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Summer 2019 Undergraduate Courses

Please note: Course offerings subject to change.

HIST 12200: 19th and 20th Century Europe (W)
Instructor: Woltering
History of modern Europe between the nineteenth and twentieth centuries, covering Western, Eastern Europe, and Russia. The focus of this course is upon political history but topics related to economy, culture and the arts are included as well. We start with the French Revolution of 1789 and complete the course with the collapse of communism and the Soviet Union in 1991. We will analyze how the concept of Europe changed over time; how colonies turned into nation states, and how these nations transformed during the modern era; why, how, and when some states adopted totalitarian models; and how colonialism and totalitarianism came to an end in Europe after WWII. Themes include: the French Revolution and Revolutionary Wars, romanticism, liberalism, socialism and Marxism, 1848, empire and nation states, European imperialism, WWI, interwar radicalism, Nazism, fascism, and Stalinism, WWII, the Holocaust, cold war, European Union, the collapse of communism, and the creation of a new Europe. Lectures will be supplemented by weekly readings from the textbook and primary sources. Students will learn to work with primary sources and incorporate them into historical analysis.
Fulfills Pluralism and Diversity requirement (Group D). Writing intensive course (W)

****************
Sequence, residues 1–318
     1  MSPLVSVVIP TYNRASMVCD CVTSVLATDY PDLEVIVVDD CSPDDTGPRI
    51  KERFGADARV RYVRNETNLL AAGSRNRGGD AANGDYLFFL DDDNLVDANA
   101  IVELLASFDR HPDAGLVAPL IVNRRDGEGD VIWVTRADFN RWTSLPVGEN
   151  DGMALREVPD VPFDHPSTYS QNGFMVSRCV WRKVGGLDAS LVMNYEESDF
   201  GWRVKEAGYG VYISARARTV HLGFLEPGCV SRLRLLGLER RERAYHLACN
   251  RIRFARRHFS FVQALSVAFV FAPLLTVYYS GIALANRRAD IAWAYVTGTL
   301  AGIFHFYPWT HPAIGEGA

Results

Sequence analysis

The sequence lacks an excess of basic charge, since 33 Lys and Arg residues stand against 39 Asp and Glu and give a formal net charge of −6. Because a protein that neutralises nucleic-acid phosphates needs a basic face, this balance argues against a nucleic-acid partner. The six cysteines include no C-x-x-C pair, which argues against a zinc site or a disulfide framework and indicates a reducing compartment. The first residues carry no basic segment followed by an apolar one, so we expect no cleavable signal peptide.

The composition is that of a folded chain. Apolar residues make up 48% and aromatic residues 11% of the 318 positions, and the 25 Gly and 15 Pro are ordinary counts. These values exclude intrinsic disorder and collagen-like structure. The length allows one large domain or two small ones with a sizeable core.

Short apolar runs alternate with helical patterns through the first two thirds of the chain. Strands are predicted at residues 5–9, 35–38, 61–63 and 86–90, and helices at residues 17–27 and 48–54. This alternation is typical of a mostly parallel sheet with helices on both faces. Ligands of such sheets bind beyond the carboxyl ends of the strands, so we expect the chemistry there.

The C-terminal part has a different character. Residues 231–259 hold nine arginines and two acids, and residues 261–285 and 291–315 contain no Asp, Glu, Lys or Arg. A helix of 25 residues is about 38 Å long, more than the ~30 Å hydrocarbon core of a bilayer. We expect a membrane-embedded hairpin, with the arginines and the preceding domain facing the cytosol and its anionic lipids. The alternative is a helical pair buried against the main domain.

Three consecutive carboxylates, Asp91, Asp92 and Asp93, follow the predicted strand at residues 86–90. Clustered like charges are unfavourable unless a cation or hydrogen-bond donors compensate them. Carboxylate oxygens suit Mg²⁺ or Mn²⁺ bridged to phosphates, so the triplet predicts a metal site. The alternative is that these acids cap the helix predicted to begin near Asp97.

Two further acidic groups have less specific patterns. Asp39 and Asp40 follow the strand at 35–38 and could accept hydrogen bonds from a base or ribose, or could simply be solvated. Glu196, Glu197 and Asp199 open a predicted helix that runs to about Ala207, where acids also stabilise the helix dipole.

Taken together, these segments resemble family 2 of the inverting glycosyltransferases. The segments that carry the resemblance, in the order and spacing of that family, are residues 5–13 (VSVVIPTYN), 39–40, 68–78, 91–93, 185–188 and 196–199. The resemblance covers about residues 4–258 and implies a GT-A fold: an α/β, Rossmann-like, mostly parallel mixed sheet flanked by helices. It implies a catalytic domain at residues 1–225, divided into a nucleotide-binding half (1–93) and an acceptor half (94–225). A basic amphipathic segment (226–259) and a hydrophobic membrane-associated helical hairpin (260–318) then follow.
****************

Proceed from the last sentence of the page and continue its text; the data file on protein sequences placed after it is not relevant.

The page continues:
HIST 15100: United States from the Colonial Era to the Civil War (W)
Instructor: Gelfand
This course will cover U.S. History broadly from the early period of European settlement to the conclusion of the Civil War. The course will include at least one focused study of a particular topic or event from this period.
Writing Intensive Course (W)

HIST 15200: United States from the Civil War to the Present (W)
Instructors: Asher; Woltering
This course surveys some of the major developments in United States history from 1865 to the 1970s. Among the subjects covered are the struggles for justice of African Americans and women; the expanding scope and power of the federal government; and the increasing engagement of the United States with the world.
Writing intensive course (W)

HIST 25020: Native Americans and the U.S. to 1900
Instructor: Gelfand
This course examines American Indian history in what is now the United States from pre-Columbian times through the end of the nineteenth century. Topics include cultural diversity in North America prior to European colonization; the dynamics of early Indian-European encounters; accommodation and resistance to Euro-American expansion in the eighteenth century; forced Indian Removal by the United States; and nineteenth-century struggles for the Great Plains and American West. Native American agency, cultural persistence and change, survival strategies, and perseverance of tribal identities are key themes of the course.

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